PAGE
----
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Budget Policy in an Age of Reduced Expectations

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  • Markus Marterbauer

    (WIFO)

Abstract

The concept of debit and credit balances implies that the state's financing deficit can be reduced only when the business sector and the foreign sector at the same time assume more debts or when private households reduce their surplus. This working paper investigates how economic policy can influence such adjustments in an "age of reduced expectations" and low GDP growth rates. Considering the low capacity utilisation there is little likelihood of a debt-financed upswing of private investment. Greater demand from abroad, which could give rise to an export-oriented strategy of consolidation, could be seriously dampened by the simultaneous budget consolidation efforts in all EU countries. During the crisis savings rose as a proportion of the disposable incomes of private households, and there are several strategies to cut this rate again: 1. A credit-financed housing price bubble was used by several countries in recent years, but was found to be a macroeconomic disaster. 2. In a period of weak economic growth, high unemployment and thus precautionary saving can be effectively reduced by an increase of the employment elasticity of growth and a reduction of actual working hours. 3. Another promising approach is to improve incentives for the top income groups to increase their investment spending and cut down on their savings. 4. Redistributing assets and incomes leads to a dip in the average propensity to save and an increase of the demand for consumption among private households.

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Bibliographic Info

Paper provided by WIFO in its series WIFO Working Papers with number 366.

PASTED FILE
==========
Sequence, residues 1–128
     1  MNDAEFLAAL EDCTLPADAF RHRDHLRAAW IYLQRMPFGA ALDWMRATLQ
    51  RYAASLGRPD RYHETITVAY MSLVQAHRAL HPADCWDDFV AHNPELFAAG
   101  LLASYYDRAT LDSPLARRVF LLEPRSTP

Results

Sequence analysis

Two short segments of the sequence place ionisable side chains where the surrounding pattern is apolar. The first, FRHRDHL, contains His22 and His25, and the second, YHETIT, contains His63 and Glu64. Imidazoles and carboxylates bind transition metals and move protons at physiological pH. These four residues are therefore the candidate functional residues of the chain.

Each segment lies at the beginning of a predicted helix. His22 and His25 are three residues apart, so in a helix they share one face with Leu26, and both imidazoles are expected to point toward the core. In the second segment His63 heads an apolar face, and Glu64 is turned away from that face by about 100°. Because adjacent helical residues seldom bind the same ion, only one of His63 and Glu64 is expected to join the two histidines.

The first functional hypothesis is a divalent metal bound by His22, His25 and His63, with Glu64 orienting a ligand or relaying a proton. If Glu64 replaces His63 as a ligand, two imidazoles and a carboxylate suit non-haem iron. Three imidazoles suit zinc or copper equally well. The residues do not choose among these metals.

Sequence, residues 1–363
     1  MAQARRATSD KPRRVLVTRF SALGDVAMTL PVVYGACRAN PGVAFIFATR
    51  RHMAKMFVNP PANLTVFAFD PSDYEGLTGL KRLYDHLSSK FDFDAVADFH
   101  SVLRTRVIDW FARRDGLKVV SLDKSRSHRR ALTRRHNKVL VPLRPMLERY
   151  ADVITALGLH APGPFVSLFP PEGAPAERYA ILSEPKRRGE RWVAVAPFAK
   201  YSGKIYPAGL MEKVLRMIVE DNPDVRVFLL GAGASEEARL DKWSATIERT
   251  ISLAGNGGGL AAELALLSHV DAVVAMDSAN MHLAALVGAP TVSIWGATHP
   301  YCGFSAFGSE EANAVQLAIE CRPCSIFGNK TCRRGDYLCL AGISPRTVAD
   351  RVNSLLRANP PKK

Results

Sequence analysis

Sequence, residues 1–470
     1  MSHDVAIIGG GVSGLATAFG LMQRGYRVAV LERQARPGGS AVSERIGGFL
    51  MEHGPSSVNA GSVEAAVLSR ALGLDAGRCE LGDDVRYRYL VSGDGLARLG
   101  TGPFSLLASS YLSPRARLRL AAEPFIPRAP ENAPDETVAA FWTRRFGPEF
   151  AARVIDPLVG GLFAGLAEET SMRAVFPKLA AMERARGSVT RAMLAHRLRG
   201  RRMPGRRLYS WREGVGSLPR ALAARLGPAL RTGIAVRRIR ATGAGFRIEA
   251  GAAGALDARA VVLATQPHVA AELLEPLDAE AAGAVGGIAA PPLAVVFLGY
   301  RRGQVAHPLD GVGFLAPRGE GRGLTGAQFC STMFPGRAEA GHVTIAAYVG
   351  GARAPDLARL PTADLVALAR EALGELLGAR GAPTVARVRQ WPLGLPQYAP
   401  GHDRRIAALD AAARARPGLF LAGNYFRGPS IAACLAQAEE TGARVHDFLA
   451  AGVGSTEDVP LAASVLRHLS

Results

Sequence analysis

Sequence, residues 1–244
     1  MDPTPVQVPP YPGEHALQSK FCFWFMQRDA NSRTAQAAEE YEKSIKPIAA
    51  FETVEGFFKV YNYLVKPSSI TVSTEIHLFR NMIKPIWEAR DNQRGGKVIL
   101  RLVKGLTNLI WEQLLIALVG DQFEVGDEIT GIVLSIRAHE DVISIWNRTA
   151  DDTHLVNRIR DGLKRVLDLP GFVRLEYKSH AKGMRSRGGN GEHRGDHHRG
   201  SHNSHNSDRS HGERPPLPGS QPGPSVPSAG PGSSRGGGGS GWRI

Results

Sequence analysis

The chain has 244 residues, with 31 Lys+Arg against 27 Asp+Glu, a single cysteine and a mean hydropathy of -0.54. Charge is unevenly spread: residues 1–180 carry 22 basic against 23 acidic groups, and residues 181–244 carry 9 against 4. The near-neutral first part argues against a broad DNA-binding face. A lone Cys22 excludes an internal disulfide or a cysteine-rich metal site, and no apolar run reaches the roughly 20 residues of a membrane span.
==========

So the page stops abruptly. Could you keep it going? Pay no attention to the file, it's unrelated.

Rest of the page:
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Length: 28 pages
Date of creation: 31 Mar 2010
Date of revision:
Handle: RePEc:wfo:wpaper:y:2010:i:366

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  1. Reinhart, Carmen M. & Rogoff, Kenneth S., 2009. "The Aftermath of Financial Crises," Scholarly Articles 11129155, Harvard University Department of Economics.
  2. Case Karl E. & Quigley John M. & Shiller Robert J., 2005. "Comparing Wealth Effects: The Stock Market versus the Housing Market," The B.E. Journal of Macroeconomics, De Gruyter, vol. 5(1), pages 1-34, May.
  3. Ulrike Stein, 2009. "Zur Entwicklung der Sparquoten der privaten Haushalte: eine Auswertung von Haushaltsdaten des SOEP," SOEPpapers on Multidisciplinary Panel Data Research 249, DIW Berlin, The German Socio-Economic Panel (SOEP).
  4. Alberto Alesina & Silvia Ardagna, 2010. "Large Changes in Fiscal Policy: Taxes versus Spending," NBER Chapters, in: Tax Policy and the Economy, Volume 24, pages 35-68 National Bureau of Economic Research, Inc.
  5. Alberto Alesina & Roberto Perotti & José Tavares, 1998. "The Political Economy of Fiscal Adjustments," Brookings Papers on Economic Activity, Economic Studies Program, The Brookings Institution, vol. 29(1), pages 197-266.
  6. Alesina, Alberto Francesco & Perotti, Roberto & Tavares, Jose, 1998. "The Political Economy of Fiscal Adjustments," Scholarly Articles 12553724, Harvard University Department of Economics.
  7. Gunther Tichy, 2009. "Einige unkonventionelle Gedanken zum Leben nach der Krise," Wirtschaft und Gesellschaft - WuG, Kammer für Arbeiter und Angestellte für Wien, Abteilung Wirtschaftswissenschaft und Statistik, vol. 35(4), pages 501-514.
  8. Pietro Catte & Nathalie Girouard & Robert W.R. Price & Christophe André, 2004. "Housing Markets, Wealth and the Business Cycle," OECD Economics Department Working Papers 394, OECD Publishing.
  9. Alexander Ludwig & Torsten Sløk, 2002. "The Impact of Changes in Stock Prices and House Priceson Consumption in OECD Countries," IMF Working Papers 02/1, International Monetary Fund.
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